Yes, Bart Ehrman believes that many of the stories about Jesus in the Bible are either untrue, or exaggerations, or uncertain. But I was quoting him on the merits of these particular arguments – his expertise and non-christian approach makes him a good reference on the weaknesses in these arguments.
Bart Ehrman is writing (is it out yet?) about this.
I’ve always thought this shows the dangers of being too skeptical, rather than being a serious challenge to Christians – extreme skepticism leads you to reject the obvious truth, and that’s a problem.
It is already out, yes, causing flamewars on atheist sites.
I wouldn’t call him radical, he just defines inspired scripture different than many other Christians… He believes that God should have all preserved his inspired scripture and that if they were inspired God would have preserved the original autobiographical text
Nice post, unklee. When I was looking into claims that Christianity borrowed from earlier pagan myths, I found much of the same information. It was hard to tell if Christianity had actually borrowed some of those things, or if they were just attributed to the other religions after Christianity gained some popularity.
The only thing I’d really disagree with you on is when you say that Christianity wasn’t influenced at all by other traditions. The Bible’s teachings on the afterlife change pretty substantially from OT to NT, which I think is a direct result of Hellenistic influence.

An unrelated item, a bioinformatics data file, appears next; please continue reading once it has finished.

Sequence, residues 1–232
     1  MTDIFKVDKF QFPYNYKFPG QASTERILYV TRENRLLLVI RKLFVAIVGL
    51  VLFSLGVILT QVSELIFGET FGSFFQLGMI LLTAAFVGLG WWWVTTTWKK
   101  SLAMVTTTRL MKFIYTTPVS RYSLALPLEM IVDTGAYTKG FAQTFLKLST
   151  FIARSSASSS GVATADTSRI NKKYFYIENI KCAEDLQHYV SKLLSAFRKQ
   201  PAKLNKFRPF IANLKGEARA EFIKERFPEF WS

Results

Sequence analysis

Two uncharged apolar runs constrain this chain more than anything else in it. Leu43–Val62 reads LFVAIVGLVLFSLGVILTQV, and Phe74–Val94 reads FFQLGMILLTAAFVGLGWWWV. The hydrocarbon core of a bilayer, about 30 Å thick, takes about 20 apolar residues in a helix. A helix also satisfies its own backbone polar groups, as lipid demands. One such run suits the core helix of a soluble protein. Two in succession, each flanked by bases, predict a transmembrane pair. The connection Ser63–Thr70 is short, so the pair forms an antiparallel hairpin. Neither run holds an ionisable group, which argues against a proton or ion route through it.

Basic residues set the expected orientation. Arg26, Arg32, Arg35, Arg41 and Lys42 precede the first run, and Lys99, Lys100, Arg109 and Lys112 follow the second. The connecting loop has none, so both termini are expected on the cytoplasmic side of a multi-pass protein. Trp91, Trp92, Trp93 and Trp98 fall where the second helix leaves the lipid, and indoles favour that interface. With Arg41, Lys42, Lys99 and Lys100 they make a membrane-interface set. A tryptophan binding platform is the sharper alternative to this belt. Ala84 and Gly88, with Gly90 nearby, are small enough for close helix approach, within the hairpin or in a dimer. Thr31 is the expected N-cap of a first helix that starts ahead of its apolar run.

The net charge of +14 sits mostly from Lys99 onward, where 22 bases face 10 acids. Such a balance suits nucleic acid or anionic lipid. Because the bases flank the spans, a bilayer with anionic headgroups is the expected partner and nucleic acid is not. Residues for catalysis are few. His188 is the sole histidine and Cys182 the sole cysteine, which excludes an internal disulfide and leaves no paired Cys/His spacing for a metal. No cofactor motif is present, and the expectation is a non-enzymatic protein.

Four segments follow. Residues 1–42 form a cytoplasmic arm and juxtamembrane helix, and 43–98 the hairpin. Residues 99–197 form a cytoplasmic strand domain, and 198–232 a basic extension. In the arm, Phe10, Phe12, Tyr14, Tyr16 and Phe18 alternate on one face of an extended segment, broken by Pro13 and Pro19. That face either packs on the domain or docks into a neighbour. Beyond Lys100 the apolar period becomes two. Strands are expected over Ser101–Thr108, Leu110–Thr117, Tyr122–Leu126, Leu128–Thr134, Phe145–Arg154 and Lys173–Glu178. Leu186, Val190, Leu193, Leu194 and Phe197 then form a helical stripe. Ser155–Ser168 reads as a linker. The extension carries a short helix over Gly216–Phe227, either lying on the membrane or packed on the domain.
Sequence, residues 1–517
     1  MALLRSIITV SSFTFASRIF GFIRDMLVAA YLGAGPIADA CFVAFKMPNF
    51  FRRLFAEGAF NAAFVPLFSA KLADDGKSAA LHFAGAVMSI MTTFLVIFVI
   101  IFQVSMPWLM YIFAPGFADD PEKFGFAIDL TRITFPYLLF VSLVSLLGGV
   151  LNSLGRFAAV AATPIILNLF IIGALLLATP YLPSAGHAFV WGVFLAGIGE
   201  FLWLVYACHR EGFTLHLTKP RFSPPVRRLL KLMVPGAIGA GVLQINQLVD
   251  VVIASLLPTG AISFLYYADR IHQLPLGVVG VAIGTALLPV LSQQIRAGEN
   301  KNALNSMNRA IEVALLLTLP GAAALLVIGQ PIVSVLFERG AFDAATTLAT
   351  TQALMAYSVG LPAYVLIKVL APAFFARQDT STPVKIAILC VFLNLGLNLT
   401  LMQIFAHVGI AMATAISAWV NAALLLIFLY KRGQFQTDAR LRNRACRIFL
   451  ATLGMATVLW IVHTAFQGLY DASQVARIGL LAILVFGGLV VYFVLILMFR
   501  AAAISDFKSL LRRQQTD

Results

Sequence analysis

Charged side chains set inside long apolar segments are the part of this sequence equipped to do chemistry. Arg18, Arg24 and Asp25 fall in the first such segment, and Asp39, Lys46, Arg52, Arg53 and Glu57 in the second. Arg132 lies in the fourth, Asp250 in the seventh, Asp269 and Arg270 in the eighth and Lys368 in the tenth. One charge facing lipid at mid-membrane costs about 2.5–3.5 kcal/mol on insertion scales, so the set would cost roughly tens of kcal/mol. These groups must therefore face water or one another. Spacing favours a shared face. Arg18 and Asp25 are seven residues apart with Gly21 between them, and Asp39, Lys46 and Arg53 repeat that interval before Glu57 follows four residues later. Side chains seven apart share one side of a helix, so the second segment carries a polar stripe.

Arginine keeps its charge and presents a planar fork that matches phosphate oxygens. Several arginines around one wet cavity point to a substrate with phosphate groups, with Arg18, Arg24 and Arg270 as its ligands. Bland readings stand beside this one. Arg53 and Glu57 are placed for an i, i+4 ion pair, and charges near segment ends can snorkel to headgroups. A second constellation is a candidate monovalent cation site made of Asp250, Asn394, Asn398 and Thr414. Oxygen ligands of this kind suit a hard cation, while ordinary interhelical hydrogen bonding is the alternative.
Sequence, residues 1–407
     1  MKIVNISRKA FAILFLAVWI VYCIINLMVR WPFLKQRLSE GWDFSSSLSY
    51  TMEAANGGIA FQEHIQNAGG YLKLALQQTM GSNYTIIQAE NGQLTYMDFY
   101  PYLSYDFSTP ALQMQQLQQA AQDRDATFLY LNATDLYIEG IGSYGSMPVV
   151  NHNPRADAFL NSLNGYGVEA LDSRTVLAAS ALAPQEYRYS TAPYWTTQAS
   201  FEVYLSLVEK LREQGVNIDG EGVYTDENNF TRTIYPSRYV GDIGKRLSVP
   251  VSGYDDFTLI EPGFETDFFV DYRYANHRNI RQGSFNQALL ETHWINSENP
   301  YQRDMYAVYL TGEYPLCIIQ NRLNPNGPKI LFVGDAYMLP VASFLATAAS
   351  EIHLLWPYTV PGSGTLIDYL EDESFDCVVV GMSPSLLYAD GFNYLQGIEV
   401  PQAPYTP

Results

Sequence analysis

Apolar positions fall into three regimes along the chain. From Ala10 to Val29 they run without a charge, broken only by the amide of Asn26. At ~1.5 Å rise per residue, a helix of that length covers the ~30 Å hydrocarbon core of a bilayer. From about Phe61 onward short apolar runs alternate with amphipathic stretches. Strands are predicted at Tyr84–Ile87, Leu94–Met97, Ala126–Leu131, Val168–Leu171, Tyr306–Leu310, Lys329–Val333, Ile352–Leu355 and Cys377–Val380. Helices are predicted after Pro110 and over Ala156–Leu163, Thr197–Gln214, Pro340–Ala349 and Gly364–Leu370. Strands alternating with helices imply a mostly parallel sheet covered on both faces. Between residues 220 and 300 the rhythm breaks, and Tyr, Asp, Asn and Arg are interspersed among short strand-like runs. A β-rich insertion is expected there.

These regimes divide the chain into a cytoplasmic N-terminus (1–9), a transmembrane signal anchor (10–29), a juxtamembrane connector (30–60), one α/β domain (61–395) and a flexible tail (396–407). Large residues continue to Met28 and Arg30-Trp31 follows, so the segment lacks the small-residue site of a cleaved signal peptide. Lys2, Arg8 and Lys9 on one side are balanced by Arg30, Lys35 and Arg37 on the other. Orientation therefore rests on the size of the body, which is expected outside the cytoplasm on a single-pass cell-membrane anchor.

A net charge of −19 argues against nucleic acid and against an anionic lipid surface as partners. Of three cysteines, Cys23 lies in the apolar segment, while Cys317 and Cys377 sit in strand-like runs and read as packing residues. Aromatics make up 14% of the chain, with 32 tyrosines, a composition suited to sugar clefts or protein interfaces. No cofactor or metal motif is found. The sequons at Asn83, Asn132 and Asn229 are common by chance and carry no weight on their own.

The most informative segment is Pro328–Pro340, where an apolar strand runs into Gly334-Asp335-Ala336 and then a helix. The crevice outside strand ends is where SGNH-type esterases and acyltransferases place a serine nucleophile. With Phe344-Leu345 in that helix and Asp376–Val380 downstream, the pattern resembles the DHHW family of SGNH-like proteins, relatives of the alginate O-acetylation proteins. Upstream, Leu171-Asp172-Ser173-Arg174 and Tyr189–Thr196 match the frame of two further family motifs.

Also, Richard Carrier recently did a review of Ehrman’s new book about this issue. I don’t know too much about the topic, but I found Carrier’s review pretty interesting, and he provides sources. If anyone is curious, you can find it here:
Hello Nate, actually I think you don’t disagree with UnkleE’s points in the post – UnkleE only addressed the Pagan parallels to Jesus. I would accept your point that there is Pagan influence in Judaism and Christianity, both about the hereafter and philosophical.
Ah, good catch — I think you’re right. Thanks for pointing that out!
“I wouldn’t call him radical, he just defines inspired scripture different than many other Christians”
Having read only parts of Misquoting Jesus and Jesus Interrupted, I would say my biggest criticism of Ehrman is he over-states his conclusions. In Misquoting Jesus he only establishes a few cases of altered text that haven’t already been recognised in most modern translations, yet he argues that we don’t know what the original authors said.
Nate, I saw Carrier’s review (though it was so long I only read about half). Have you seen Ehrman’s two replies? Here and here.
No, I’ll have to check them out — thanks!